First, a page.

In the late 1960s, Eggleston began experimenting with color photography, a medium that was so new and unorthodox, it was considered to be too lowbrow for fine art photography, which was at the time the domain of the black and white image. But Eggleston, as he put it, "wanted to see things in color because the world is in color." And in 1972, by chance, he discovered a commercial way of printing photos, which enhanced his subject matter and finally created the full impact of color he was after. This new printing technique was called dye-transfer. It was very expensive, and as a result only used in advertising and fashion. But it created such a rich, saturated color that Eggleston couldn't fathom using any other type of printing. Today this laborious printing process is considered outdated, but he continues to use it.
Eggleston was awarded The Guggenheim and The National Endowment for the Arts Fellowships in the mid-70s, but his success and color photography's value as an art form were largely not recognized at the time. In 1976, with the help of the influential curator John Szarkowski, Eggleston had his first exhibition dedicated to his color photographs of the rural South at the Museum of Modern Art. The show, William Eggleston's Guide was first met with incomprehension and disgust, and was widely panned by art critics. The New York Times called it "the worst show of the year." Another critic said it was "perfectly boring and perfectly banal." The bad reviews brought Eggleston notoriety, but it would take decades for critics to appreciate his work, and color photography as a whole.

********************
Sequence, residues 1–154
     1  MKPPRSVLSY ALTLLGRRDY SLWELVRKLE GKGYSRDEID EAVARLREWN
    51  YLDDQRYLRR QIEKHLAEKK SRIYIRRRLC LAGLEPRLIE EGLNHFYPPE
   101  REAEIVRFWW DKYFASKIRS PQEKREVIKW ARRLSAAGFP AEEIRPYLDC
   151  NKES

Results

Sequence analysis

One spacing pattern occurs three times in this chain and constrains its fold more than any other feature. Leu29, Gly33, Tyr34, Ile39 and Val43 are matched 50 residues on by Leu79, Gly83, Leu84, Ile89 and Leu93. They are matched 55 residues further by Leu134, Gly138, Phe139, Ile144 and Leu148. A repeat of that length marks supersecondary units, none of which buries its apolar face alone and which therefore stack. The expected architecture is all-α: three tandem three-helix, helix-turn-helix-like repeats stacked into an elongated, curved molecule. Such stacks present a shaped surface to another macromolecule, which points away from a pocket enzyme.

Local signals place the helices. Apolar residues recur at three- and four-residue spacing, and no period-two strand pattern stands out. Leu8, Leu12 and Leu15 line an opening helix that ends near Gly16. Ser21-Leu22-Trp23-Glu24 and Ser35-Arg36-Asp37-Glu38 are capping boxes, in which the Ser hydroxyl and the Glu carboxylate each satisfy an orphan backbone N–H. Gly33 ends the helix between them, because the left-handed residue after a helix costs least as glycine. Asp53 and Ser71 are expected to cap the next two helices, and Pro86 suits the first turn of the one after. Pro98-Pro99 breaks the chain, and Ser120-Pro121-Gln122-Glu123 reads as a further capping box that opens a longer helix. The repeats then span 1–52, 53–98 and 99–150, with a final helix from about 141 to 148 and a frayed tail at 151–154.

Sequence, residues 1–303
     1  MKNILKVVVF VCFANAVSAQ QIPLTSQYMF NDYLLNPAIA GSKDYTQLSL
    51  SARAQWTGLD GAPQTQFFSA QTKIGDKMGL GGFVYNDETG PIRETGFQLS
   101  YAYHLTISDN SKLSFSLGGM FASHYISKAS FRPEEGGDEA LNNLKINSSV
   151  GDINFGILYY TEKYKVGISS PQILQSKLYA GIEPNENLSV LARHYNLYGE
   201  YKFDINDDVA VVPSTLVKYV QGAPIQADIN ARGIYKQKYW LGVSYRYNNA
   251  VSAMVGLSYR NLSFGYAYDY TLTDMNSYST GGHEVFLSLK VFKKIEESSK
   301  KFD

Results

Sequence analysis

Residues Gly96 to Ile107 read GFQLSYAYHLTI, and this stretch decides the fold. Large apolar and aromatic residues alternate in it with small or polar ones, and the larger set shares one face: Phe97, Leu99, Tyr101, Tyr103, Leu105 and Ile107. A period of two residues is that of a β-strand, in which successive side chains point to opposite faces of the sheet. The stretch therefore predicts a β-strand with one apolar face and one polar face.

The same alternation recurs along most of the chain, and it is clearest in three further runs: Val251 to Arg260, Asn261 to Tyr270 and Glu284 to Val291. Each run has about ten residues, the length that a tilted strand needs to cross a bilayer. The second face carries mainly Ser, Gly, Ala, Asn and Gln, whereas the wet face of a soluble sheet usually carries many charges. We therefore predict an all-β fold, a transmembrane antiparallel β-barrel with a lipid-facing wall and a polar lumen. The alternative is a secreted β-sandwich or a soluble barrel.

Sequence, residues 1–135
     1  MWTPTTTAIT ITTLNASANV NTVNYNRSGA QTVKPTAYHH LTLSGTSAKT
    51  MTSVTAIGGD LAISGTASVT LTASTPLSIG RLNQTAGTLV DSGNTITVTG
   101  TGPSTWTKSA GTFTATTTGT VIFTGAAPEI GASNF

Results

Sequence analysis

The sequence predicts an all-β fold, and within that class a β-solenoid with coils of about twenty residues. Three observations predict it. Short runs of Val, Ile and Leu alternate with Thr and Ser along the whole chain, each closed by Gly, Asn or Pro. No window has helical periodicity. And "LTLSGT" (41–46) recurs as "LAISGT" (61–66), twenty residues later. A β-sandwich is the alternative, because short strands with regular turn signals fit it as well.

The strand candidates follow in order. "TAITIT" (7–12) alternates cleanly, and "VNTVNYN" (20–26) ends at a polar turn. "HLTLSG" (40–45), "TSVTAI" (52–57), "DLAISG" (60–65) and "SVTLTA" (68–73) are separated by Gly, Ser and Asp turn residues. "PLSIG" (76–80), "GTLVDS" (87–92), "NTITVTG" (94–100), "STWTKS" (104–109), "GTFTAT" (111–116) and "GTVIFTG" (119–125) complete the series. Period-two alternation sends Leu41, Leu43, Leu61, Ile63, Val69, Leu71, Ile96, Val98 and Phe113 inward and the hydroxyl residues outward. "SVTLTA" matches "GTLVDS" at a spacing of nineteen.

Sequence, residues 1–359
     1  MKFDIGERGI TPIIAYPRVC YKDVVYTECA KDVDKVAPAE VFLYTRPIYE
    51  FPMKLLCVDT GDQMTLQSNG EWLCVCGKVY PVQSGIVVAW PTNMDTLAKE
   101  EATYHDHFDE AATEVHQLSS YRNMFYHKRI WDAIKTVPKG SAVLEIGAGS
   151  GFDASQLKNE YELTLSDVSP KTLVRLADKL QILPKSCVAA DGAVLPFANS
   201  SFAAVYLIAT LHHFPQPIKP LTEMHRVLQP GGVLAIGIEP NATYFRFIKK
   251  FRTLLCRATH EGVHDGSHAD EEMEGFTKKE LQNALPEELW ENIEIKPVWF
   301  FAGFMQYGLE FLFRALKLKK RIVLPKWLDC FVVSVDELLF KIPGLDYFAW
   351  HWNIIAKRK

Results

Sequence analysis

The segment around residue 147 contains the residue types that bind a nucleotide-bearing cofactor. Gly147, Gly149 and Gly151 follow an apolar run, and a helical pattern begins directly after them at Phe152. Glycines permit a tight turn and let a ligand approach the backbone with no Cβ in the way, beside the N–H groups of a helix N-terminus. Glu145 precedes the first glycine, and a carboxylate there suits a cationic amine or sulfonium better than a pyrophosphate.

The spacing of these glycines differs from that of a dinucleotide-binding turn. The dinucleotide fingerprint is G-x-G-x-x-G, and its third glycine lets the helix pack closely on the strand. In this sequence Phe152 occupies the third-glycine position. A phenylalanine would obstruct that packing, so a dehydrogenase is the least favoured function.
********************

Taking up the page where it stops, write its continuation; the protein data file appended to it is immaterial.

Eggleston has lived a very unconventional and colorful life. When he was younger, there was plenty of drugs, booze, guns, and women. These themes made it into his work. In the early 1970s, his friend, Andy Warhol introduced him to Viva, a woman working at Warhol's Factory who became Eggleston's mistress. Warhol also introduced Eggleston to Pop art and the emerging film scene, both of which he would take an interest in. He briefly experimented with Polaroids, automatic photo-booth portraits, and video art, but became particularly inspired by Pop art's appropriation of advertising; commercial images with their saturated colors.